San Juan Bezpera: The Basque Summer Solstice
When the sun goes down on June 23rd, many a bonfire is set ablaze to mark San Juan Eguna, the feast of St. John the Baptist, which marks the Basque Summer Solstice. In some towns the celebration is supplemented with more festivities and dances.
Basques became Christianized around the 8th century by most estimates. Before that they held their own indigenous beliefs although there is only scattered physical evidence of their pre-Christian faith. It seems certain, however, that their working assumption was that people could connect with the supernatural world to influence the natural world--and vice-a-versa. Thus they developed rituals (making the invisible, visible) to make this connection. In an earlier time, the Summer Solstice (the longest day of the year) must have seemed magical and it spawned a wide assortment of rituals throughout Europe. In the case of the Basques, we are not certain what those pre-Christian rituals were, but what has survived is their rough form with a new Christian context. Thus what we now know as San Juan Eguna ("the day of St. John the Baptist") seem likely to have been adaptations of earlier rituals marking a day when it seemed as if the sun stood still in the sky.
In Western Christianity The Nativity of St John the Baptist, though not a widespread public holiday, is still kept in the Roman Catholic, Anglican and Lutheran Churches. The night of June 23 is celebrated as the shortest of the year in the northern hemisphere and it is taken to symbolize the triumph of light over darkness. This day was fused with the commemoration of St. John the Baptist. Usually the day of a Saint's death is celebrated as his or her feast day, but in this case, the birth of St. John the Baptist is marked (image at left). The main features of rituals revolving around this day are the fire and water (St. John the Baptist link) and certain plants.. Thus on this night in the Basque Country massive bonfires set ablaze. Legend has it that the ashes cure skin diseases and that one should jump the fire a minimum of three times to have a good year.
THE LONGEST DAY OF THE YEAR. There are two solstices each year, when the tilt of the earth's axis is most inclined toward or away from the sun making for the longest (Summer) and shortest (Winter) interval of sunlight. The name is derived from the Latin sol (sun) and sistere (to stand still), because at the solstices, the sun appears to stand still and come to a stop before reversing direction. Our current (Gregorian) calendar marks the Summer Solstice right around June 21st, whereas the older Julian calendar marked the day on June 24th thus the discrepancy.
In the Basque Country, the arrival of San Juan Eguna is marked by parties, Patron festivals, neighborhood rituals and of course the omnipresent bonfires. There are many places in the Basque Country that celebrate this holiday in big and small ways: it can be as simple as a group of neighbors joining together to build a bonfire, or a whole town gets involved in the festival such as in Arrasate-Mondragón and Donostia-San Sebastián.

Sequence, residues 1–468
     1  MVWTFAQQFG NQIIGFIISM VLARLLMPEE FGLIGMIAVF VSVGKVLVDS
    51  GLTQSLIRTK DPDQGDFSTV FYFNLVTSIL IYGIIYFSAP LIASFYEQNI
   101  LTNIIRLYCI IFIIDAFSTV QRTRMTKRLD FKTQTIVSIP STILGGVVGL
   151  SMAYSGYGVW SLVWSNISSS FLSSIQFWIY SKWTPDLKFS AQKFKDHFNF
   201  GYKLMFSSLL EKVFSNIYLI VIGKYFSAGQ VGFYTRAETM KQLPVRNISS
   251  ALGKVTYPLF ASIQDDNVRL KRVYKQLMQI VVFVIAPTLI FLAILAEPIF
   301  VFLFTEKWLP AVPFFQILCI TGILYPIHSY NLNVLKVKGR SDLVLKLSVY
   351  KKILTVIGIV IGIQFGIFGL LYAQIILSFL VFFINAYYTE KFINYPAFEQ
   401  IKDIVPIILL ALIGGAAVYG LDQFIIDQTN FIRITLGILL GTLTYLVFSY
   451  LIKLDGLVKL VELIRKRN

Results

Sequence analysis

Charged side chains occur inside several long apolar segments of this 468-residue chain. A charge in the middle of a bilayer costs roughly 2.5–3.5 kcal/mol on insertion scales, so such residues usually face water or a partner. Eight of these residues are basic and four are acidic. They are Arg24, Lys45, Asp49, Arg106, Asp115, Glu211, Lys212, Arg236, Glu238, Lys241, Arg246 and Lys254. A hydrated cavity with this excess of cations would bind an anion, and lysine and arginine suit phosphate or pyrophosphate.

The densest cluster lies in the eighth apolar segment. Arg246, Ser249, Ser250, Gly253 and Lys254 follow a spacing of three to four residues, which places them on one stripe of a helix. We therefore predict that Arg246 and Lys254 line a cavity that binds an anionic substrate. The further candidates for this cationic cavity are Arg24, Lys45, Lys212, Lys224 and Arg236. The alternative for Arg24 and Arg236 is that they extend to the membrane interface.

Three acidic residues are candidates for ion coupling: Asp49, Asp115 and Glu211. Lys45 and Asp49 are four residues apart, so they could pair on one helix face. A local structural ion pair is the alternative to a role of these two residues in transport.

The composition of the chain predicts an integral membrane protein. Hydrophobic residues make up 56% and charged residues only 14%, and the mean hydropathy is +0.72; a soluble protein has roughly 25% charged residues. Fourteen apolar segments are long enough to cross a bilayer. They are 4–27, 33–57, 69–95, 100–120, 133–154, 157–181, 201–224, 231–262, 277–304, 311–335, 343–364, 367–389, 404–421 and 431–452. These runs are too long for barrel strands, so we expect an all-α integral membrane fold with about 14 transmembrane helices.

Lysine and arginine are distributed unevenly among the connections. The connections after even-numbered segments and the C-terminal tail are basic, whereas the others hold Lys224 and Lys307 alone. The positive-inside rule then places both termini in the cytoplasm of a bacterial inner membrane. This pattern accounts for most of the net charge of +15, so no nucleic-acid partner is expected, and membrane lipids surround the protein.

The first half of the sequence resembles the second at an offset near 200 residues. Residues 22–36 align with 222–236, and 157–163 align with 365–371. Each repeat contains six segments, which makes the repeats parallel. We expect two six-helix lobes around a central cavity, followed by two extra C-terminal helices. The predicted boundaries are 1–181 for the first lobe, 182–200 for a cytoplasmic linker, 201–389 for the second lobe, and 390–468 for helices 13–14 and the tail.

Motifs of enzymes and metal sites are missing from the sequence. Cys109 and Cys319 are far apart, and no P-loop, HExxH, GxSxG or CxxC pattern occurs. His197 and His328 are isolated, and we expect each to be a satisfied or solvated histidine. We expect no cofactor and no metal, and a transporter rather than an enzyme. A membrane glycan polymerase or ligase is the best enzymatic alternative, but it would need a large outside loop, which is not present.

San Juan bonfire in Donostia-San Sebastian (Photo diariovasco.com)
A particular varied celebration is in Tolosa (Gipuzkoa) which offers a wide range of events with bullfights, processions, dances, the marching of militia and the performance of the traditional "Bordon-dantza."
On the feast of St. John in Tolosa (Gipuzkoa) the day is marked with among other things processions through the streets of the town with "militia review" (above) and the traditional "Bordon-dantza" (below)
An ash tree is cut down and placed in the town square and each house is also decorated with branches. In addition, herbs are gathered on the morning of San Juan and kept throughout the year.
Meanwhile in Laguardia (Álava), a character named "Cachimorro" leads the parade in front of the dancers. When the cortege arrives at the church of San Juan, the flag of Laguardia (as a symbol for the community) is waved before the image of the Virgin Mary of Pilar (there are many variations on Mary in the Basque Country, e.g., Our Lady of Begona, Itziar, Arantzazu, etc.) This act of respect and homage is carried out by the Town Attorney, who first extends the flag on the floor of the church at the feet of the Virgin. He then takes it in his hand, and to the rhythm of a typical march composed centuries ago especially for this ceremony, he waves it, folds and unfolds it in skilled twists and turns, and ends by presenting it totally unfolded on the floor, kneeling, and praying a Salve Regina or a Credo. He then repeats this ceremony at the main altar, before the image of Saint John the Baptist.
The "Cachimorro" of Lagaurdia (Araba) from the procession on the feast of St. John.
Legend has it that the ashes cure skin diseases and that one should jump the fire a minimum of three times to have a good year. (Photo diariovasco.com)
There are many variations on the theme of the Summer Solstice in the Basque Country, and throughout Europe for that matter, though now the meanings have been transformed. Not to many today make this a day to pick mid-summer plants for their perceived miraculous healing powers, nor lighting bonfires to fend off evil spirits that roam freely when the sun reverses direction in the sky southwards again (bringing days of shorter sunlight that culminate with the Winter Solstice that coincides with Christmas--which is not a coincidence). For some it still marks a special day in their religious calendar. For others, it's a great excuse to jump over flames! All told, the rituals of San Juan Eguna still serve as a way of bringing the community together.
Incantation from Munitibar, Bizkaia for San Juan
San Juan San Juan bezpera gabien
abadik hasarratu zirien
ez eben besterik egiten
alkarri musturrek hausiten.
artuk eta gariek
Online sources: www.hiru.com; wikipedia.org; diariovasco.com